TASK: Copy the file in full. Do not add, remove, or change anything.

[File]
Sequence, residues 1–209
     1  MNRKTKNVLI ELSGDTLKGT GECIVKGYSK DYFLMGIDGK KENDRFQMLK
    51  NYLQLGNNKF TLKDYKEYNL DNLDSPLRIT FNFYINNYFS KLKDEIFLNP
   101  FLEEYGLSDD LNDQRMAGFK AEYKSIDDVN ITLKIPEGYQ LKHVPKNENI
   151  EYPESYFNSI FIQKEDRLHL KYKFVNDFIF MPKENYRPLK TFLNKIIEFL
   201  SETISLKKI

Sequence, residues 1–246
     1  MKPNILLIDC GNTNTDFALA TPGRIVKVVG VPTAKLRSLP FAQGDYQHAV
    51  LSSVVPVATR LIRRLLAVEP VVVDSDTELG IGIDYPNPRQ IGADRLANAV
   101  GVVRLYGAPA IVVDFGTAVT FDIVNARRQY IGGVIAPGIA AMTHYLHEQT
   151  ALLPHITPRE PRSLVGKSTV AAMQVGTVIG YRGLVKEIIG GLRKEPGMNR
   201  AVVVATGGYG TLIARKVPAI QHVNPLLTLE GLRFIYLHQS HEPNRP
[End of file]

Sequence, residues 1–209
     1  MNRKTKNVLI ELSGDTLKGT GECIVKGYSK DYFLMGIDGK KENDRFQMLK
    51  NYLQLGNNKF TLKDYKEYNL DNLDSPLRIT FNFYINNYFS KLKDEIFLNP
   101  FLEEYGLSDD LNDQRMAGFK AEYKSIDDVN ITLKIPEGYQ LKHVPKNENI
   151  EYPESYFNSI FIQKEDRLHL KYKFVNDFIF MPKENYRPLK TFLNKIIEFL
   201  SETISLKKI

Sequence, residues 1–246
     1  MKPNILLIDC GNTNTDFALA TPGRIVKVVG VPTAKLRSLP FAQGDYQHAV
    51  LSSVVPVATR LIRRLLAVEP VVVDSDTELG IGIDYPNPRQ IGADRLANAV
   101  GVVRLYGAPA IVVDFGTAVT FDIVNARRQY IGGVIAPGIA AMTHYLHEQT
   151  ALLPHITPRE PRSLVGKSTV AAMQVGTVIG YRGLVKEIIG GLRKEPGMNR
   201  AVVVATGGYG TLIARKVPAI QHVNPLLTLE GLRFIYLHQS HEPNRP